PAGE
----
Life insurance: Lapsed policy? Beware of hoax calls

Frauds related to lapsed life insurance policies are on the rise with spurious calls being made to policyholders to help revive such policies. While insurers are putting in place various measures to handle complaints regarding such spurious calls, individuals must ensure that their life policies remain active and the premiums are paid on time. In case the policy lapses, one must approach the insurer directly to revive the policy after fulfilling all the conditions.

Fraudulent calls
Dubious agents make calls promising to revive a lapsed policy if the policyholder pays a certain amount or even claim that the insured will receive the amount of the lapsed policy if they buy a new insurance policy. As it is difficult to ascertain whether a call is authentic or not, the policyholder must call the customer care numbers of the insurer and seek an email from them with all details. All the payment must be done to the insurer’s account.

Rakesh Goyal, director, Probus Insurance, says there have been several cases of spurious calls related to lapsed policies. Thus, policyholders must be vigilant against revealing any personal or policy information on the call or making any payments. “In such situations, the policyholders should first check with the insurance company. This would save them from losing any money. Unscrupulous callers might also claim to be from the Insurance Regulatory and Development Authority of India (Irdai) and hence awareness is necessary to ensure that customers lodge a complaint with the police instantly,” he says.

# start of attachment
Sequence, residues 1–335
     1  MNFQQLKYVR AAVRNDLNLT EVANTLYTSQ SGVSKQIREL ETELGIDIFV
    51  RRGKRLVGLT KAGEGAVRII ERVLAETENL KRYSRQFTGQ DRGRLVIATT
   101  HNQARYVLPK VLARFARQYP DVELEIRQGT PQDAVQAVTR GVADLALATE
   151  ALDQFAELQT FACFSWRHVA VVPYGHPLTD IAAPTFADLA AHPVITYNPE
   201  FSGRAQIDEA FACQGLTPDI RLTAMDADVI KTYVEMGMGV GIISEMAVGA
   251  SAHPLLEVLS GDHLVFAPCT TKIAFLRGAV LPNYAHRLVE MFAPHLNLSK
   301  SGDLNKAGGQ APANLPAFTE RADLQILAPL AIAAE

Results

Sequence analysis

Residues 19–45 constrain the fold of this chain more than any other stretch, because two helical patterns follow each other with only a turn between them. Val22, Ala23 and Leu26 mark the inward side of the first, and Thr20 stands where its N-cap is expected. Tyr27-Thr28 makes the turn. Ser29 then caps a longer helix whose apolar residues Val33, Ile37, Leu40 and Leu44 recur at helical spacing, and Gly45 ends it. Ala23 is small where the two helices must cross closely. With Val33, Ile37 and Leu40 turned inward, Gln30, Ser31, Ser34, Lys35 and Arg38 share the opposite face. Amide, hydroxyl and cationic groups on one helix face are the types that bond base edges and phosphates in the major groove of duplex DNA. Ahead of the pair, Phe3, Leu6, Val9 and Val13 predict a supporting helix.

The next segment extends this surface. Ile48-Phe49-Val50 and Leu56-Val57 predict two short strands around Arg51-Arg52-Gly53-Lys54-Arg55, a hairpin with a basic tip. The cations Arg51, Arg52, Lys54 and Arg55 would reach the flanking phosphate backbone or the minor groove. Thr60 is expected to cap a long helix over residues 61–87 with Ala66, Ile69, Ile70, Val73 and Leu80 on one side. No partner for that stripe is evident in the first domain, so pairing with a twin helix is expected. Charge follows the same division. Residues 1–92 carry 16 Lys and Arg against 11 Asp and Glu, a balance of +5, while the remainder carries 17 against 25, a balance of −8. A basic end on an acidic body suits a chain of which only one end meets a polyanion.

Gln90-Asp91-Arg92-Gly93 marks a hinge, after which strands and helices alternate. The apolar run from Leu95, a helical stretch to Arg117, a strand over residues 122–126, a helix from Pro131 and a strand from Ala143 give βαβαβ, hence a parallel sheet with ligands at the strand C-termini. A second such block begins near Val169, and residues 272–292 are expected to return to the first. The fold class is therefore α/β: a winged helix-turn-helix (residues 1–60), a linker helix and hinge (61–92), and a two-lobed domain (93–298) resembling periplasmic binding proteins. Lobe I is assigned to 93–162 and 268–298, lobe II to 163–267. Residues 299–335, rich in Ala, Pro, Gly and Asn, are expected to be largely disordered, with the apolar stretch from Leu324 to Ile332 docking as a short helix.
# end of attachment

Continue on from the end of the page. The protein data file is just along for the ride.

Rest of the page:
Never let your policy lapse
If the premium is not paid within the due date, the insurance company will give a 15-day grace period for premiums paid in monthly instalments and 30-day grace period if the premium is paid on a quarterly, half-yearly or yearly basis. If the premium is not paid within the grace period, the policy will lapse and the insured’s nominee will no longer be able to get any benefits of the term plan. In case of endowment and unit-linked insurance plans if the policy lapses in the lock-in period, then all the premium paid will get forfeited and the policyholder will not get any benefits, not even the bonus accumulated in the lapsed policy.

Reviving lapsed policy or buying a new policy
It is better to revive a lapsed policy as buying a new one will require you to undergo the entire application procedure and the medical tests. You will have to pay a higher premium which will be based on your current age and health conditions. However, reviving a lapsed policy, provided the company accepts the lapsed policy for revival, will entail certain costs.

You will have to pay the premium for all the years since the lapse of policy along with interest on outstanding premiums, applicable taxes and even penalty amount for non-payment of premiums. As per Irdai norms, life covers issued before 2019 have a maximum revival period of two years and policies issued after that have a maximum revival period of five years. Once the revival period expires, the policy is terminated.

Most life insurance premiums are a level premium for the policy’s lifetime and younger the age, lower is the premium. Nayan Goswami, head, General Insurance, Sana Insurance Brokers, says when you revive or continue a policy, you have the advantage of paying a lower premium based on your younger ‘age at entry’ and for life insurance policies with an investment-linked feature, the longer you stay in the policy, the better the return. “If you let a policy lapse or discontinue it, you may only get the surrender value. The insurer will also levy a penalty as you opt out earlier than the maturity date,” he says.


  • Approach the insurance company directly to revive the policy. Be vigilant against spurious calls
  • Life covers issued before 2019 have a maximum revival period of two years. For those issued after 2019, it is five years
  • Reviving a lapsed policy entails certain costs, including interest on outstandings, taxes and even a penalty fee